Cooking classes are an integral part of most independent gourmet housewares stores. The classes help create an experience, something that consumers crave. It also positions these shops, and those who work in them, as experts in cooking, baking, mixology and other home entertaining practices.
Most importantly, classes help independent store owners and employees become familiar with the local community and its patrons, enabling them to treat customers to a personalized shopping opportunity.
However, as COVID-19 concerns grew and social distancing orders were put into place, cooking classes fell by the wayside. Many retailers were feeling the pinch from the revenue stream cooking classes brought in, while also reeling from the loss of marketing opportunities, potential new customers and add-on sales. But, as luck would have it, technology allowed many independent store owners to take their cooking classes online via Facebook, Instagram and even Zoom.
Monique Moshier, co-owner of The Happy Cook in Charlottesville, VA, said that soon after the state’s governor mandated social distancing orders, she and husband Steve Belcher got to work creating online cooking classes through web service Zoom.
“A massive amount of people were encouraging us to do this, so we looked into what would work and scheduled our first class pretty early on in the shutdown,” she said.
Moshier explained that, luckily, the store’s brand-new culinary center was optimal for setting up these classes, with a few tweaks for the best user experience. With the chefs lined up and ready, Moshier and husband Steve Belcher, also co-owner of the store, put together parameters for the classes and a pricing structure they felt would work. Moshier noted the store sends a recipe list 24 hours before the class begins, but that cooking along with the class isn’t necessary.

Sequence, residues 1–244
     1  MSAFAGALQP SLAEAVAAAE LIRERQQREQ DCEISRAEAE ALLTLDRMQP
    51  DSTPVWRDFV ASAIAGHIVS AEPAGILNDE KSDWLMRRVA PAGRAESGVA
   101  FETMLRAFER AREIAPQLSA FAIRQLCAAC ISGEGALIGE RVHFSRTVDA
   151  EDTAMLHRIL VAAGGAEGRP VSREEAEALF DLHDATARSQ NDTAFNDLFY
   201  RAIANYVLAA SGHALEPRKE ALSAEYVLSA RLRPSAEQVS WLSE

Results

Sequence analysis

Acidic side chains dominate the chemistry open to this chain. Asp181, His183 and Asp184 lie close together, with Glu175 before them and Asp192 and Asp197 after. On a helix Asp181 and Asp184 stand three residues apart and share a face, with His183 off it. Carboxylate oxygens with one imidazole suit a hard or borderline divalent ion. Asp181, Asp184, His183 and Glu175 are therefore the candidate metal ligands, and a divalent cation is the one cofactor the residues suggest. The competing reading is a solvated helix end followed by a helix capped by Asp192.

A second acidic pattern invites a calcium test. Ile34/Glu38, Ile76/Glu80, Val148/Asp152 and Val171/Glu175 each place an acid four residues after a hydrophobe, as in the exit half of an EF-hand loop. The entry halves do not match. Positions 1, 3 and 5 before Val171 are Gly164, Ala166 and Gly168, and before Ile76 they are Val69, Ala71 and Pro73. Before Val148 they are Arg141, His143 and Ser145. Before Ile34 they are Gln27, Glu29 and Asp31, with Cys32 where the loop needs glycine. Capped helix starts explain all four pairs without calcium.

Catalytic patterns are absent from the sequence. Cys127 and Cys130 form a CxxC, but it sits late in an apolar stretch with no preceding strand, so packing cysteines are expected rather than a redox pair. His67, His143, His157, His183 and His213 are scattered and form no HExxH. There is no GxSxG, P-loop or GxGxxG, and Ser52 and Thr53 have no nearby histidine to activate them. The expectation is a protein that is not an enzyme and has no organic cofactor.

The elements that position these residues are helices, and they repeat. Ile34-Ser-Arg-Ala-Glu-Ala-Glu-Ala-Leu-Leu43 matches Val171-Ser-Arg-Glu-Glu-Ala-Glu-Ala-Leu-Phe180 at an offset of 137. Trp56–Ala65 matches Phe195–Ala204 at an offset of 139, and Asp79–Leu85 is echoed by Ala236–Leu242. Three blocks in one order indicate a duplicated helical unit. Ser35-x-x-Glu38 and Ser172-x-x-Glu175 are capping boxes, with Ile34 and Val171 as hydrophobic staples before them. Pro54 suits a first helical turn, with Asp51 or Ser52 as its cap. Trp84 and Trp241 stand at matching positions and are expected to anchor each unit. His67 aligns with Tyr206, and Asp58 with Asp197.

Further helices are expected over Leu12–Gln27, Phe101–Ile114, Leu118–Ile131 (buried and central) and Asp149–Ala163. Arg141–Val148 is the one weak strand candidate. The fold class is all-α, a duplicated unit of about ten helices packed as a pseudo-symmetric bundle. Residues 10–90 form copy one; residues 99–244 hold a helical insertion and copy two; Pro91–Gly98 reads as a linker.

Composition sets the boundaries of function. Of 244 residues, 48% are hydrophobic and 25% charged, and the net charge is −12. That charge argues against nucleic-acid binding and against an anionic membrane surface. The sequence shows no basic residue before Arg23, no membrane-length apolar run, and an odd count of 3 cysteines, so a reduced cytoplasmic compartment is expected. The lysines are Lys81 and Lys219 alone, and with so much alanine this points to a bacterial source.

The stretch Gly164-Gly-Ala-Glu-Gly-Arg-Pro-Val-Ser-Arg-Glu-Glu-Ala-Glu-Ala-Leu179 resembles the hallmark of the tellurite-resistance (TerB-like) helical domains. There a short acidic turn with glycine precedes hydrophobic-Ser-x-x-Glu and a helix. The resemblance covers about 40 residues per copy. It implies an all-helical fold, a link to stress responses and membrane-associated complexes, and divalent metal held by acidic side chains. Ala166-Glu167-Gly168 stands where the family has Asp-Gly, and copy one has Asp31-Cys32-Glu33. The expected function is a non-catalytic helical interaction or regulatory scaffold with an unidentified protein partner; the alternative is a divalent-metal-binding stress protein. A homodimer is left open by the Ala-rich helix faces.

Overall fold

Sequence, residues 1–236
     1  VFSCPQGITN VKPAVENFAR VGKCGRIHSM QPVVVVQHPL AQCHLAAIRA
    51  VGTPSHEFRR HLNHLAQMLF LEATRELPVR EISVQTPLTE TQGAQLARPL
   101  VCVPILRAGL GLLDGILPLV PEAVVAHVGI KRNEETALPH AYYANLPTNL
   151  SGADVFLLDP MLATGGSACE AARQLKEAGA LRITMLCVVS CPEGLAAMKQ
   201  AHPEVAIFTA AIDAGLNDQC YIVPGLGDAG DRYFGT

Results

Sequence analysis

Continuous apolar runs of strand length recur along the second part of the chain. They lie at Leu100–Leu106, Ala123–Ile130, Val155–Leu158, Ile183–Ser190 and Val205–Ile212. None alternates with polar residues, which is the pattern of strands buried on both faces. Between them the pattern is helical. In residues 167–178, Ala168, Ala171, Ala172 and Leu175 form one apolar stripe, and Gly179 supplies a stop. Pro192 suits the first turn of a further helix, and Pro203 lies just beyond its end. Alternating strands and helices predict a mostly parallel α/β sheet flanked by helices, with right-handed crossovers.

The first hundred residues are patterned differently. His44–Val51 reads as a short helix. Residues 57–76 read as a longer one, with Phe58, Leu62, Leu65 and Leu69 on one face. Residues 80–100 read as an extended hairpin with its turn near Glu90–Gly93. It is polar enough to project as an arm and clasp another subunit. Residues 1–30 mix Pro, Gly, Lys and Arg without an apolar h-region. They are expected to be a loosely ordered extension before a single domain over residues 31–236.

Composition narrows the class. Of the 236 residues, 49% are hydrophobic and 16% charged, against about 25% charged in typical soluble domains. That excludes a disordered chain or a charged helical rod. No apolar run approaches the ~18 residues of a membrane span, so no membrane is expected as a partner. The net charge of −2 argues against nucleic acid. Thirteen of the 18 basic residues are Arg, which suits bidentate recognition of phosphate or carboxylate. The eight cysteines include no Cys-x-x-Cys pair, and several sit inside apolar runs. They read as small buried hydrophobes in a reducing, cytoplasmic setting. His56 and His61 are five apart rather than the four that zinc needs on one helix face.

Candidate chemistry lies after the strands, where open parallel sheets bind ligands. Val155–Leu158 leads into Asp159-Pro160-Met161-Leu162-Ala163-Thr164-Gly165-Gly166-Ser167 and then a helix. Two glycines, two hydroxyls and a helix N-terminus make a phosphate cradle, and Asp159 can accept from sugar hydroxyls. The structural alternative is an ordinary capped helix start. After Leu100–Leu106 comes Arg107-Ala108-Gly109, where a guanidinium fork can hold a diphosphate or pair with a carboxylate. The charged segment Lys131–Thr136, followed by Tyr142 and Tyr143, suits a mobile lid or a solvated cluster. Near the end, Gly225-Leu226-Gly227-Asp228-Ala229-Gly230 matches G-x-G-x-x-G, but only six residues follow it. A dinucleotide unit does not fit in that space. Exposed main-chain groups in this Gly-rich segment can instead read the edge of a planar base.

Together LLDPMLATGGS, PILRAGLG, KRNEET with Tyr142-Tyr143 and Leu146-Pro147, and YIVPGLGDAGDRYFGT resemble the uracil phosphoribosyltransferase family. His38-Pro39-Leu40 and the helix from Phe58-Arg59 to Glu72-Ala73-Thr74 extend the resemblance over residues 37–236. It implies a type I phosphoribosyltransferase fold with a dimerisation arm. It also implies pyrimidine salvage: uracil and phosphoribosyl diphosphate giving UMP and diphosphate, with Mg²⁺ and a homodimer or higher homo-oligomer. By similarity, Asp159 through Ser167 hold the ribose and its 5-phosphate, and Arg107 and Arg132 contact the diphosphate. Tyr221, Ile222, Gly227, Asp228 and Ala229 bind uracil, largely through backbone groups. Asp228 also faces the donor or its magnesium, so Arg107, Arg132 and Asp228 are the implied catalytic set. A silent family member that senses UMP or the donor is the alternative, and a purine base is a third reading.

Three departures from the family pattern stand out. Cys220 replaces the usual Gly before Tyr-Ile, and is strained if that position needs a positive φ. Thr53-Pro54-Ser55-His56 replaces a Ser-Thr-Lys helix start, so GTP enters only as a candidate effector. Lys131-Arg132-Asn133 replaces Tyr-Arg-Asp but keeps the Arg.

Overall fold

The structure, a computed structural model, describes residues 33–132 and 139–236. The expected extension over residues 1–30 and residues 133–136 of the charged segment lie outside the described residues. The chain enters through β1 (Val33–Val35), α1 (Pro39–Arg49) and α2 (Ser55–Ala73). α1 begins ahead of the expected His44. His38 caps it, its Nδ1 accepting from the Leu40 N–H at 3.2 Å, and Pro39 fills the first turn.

“These classes are meant to be skills-based and educational classes. We are incorporating modifications so that people are able to use what they may have at home, too, since ingredients have been hard to find. We mute all of the microphones so we are able to record the class and people use the chat feature to ask questions,” she said.
The classes are then available online to be downloaded for the participants, which is included in the initial fee. However, others can download the class for a fee of $15 and Moshier found that other people are purchasing those classes as they desire.
Marcia Jochem, owner of Evansville, IN-based Thyme In The Kitchen, said that she has taken a different approach to virtual classes, doing them via Facebook Live, and has been tying them into in-store sales.
“We are doing ‘Watch & Learn’ virtual cooking classes via Facebook Live at noon on Tuesdays and Thursdays of each week. There is no charge to the customer and we feature different cookware, cooking gadgets and seasonings. If we use the product during class, it is 10% off for 24 hours,” she explained.
For more on virtual cooking classes, see the May/June issue of GOURMET INSIDER®.